Today we celebrate the Feast of the Visitation. In the story of the Visitation, we encounter Mary and Elizabeth providing bodily hospitality to their sons, extending loving hospitality to one another, and being held in the all-encompassing hospitality of God. And their witness invites us to consider how we extend hospitality to others and receive the hospitality of others.
First, both Mary and Elizabeth give witness to hospitality through their pregnancies. Mary’s yes to God’s request to be the mother of Jesus is a profound act of bodily hospitality that will forever alter her life. She opens herself to freely participate in God’s salvific work of God at great risk to her own relationships and place in wider society.
After saying yes, Mary takes another, more immediate risk and travels a long distance to see Elizabeth, an older relative also miraculously pregnant with her first child. Mary does what many of us do when face grueling challenges or adversity: we seek out the wisdom, affirmation, and comfort of a loved one. In other words, we seek the hospitality offered through another’s acceptance of our vulnerability and need. And Elizabeth does not disappoint. She welcomes Mary with open arms and words of joy and affirmation. Just imagine the relief Mary must have had felt when she heard Elizabeth exclaim: “Blessed are you among women and blessed is the fruit of your womb!” It must have been much easier to grapple with her life-altering decision with those words echoing in her mind and heart.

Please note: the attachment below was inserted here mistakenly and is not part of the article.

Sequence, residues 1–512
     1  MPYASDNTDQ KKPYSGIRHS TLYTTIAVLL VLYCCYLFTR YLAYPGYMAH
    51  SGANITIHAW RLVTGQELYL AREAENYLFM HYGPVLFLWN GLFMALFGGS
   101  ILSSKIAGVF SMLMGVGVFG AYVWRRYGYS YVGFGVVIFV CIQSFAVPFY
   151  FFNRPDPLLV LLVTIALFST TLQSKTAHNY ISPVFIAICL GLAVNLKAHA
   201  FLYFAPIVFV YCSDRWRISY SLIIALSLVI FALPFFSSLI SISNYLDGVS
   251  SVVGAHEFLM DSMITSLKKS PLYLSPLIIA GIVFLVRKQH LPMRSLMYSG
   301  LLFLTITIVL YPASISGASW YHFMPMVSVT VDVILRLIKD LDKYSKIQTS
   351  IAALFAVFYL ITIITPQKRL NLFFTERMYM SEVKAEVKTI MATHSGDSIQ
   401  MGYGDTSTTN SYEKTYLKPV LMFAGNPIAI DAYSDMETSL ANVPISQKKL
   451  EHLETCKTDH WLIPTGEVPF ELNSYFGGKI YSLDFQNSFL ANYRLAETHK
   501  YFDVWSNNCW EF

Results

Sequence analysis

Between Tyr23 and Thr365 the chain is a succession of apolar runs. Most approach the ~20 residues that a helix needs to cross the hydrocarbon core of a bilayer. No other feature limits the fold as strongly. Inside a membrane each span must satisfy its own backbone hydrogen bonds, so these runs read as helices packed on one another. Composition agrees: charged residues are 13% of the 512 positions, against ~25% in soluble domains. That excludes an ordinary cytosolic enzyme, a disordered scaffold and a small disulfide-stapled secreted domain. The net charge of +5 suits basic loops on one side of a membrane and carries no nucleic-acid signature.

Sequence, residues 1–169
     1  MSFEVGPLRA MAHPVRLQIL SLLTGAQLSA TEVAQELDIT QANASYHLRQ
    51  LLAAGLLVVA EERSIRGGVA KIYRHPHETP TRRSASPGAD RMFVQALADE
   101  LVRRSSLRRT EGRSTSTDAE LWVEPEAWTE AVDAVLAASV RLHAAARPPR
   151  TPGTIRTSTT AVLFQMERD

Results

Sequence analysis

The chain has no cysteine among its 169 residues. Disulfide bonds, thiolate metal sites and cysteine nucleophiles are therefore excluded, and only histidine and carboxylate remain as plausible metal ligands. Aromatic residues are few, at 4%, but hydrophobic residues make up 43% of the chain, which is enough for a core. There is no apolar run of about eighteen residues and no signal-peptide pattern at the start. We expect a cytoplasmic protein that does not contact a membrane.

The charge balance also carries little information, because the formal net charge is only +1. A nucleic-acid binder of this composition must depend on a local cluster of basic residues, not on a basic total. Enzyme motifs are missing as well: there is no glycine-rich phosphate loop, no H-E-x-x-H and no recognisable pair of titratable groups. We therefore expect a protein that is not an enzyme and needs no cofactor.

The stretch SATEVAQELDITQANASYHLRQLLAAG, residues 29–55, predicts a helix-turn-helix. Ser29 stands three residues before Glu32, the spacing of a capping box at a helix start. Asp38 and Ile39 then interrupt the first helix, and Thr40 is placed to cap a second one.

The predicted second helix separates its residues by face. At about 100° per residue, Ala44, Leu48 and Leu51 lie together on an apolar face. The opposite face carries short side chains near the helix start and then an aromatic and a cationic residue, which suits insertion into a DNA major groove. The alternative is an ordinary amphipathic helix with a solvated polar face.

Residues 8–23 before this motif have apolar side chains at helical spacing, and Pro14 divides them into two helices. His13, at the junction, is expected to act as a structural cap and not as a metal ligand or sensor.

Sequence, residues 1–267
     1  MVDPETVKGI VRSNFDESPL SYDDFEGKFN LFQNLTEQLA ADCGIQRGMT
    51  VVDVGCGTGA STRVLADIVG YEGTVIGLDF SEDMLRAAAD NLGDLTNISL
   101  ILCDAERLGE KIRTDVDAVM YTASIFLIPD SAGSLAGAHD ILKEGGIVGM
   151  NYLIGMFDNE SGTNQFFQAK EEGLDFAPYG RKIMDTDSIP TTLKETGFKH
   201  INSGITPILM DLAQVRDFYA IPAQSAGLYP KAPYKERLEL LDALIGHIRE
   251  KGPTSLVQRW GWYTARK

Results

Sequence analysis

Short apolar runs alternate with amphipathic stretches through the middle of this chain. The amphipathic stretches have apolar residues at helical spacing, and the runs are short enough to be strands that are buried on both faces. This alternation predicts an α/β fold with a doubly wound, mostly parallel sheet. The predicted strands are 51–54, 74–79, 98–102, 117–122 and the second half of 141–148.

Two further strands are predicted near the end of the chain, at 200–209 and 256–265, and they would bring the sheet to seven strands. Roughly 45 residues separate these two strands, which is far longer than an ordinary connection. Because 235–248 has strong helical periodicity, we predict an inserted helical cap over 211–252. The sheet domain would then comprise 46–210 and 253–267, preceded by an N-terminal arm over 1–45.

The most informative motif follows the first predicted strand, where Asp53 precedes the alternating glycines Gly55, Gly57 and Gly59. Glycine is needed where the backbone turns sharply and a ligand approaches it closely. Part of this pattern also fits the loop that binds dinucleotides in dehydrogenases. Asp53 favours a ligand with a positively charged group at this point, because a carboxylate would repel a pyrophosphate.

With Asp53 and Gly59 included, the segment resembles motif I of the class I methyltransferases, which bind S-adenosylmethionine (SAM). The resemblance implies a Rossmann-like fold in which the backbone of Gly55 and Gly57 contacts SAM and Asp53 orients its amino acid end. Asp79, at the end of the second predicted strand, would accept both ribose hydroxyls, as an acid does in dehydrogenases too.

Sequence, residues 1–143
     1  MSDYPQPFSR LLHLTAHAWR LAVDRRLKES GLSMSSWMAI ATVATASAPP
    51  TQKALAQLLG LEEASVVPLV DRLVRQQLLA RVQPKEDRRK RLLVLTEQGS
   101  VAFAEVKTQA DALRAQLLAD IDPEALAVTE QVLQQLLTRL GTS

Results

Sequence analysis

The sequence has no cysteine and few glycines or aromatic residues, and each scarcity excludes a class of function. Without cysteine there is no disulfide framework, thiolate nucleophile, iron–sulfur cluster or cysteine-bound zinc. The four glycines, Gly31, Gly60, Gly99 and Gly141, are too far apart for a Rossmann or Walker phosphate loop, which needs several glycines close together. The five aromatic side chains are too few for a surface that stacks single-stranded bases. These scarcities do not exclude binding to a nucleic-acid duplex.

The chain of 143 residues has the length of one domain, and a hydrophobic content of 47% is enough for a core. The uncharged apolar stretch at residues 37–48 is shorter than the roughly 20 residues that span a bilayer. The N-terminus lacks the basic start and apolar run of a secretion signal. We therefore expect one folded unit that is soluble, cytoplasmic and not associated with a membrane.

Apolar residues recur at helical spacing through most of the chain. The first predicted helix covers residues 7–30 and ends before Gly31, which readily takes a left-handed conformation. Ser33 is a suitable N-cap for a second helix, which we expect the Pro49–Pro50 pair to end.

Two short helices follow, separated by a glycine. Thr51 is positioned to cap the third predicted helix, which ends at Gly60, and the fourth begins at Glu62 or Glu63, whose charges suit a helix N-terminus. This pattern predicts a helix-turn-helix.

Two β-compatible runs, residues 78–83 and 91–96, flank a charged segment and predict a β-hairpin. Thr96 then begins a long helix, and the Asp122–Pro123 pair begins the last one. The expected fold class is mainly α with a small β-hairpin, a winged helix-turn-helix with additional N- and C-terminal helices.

Then in that space of love and affirmation Mary proclaims the sacred Canticle of Mary, also known as the Magnificat. Biblical scholars tell us that the Magnificat predates the Gospels and was most likely used in the earliest forms of Christian liturgy. With this in mind, the placement of the Magnificat may seem rather odd. It could have just as easily been tagged onto Mary’s “Behold, I am the handmaid of the Lord. May it be done according to your Word” at the conclusion of the Annunciation. Instead, Luke has Mary utter this prayer of prophetic witness—the punctuation of her yes–in the presence of her ally and confidante, a supportive and wise companion-in-pregnancy and faith who affirms Mary’s yes. In the presence of Elizabeth the road-worn, frightened Mary proclaims her prayer of deep conviction that God’s promise lives on; God will not forsake us. Through their solidarity Mary and Elizabeth are held in the fundamental and eternal hospitality of God.
In his little book Finding My Way Home, Henri Nouwen reflects on the Visitation: “The visit of Mary to Elizabeth is one of the Bible’s most beautiful expressions of what it means to form community, to be together gathered around a promise, affirming what is happening among us.” (1) The Visitation confirms that Christian conviction that hope becomes easier “where two or three are gathered.” And this is what the Christian community is called to do as we actively participate in God’s work in and through the world. We “gather around a promise”—Christ’s promise of the in-breaking of the Reign of God–faithfully believing that this promise reaches further than Elizabeth or Mary or any of us can imagine.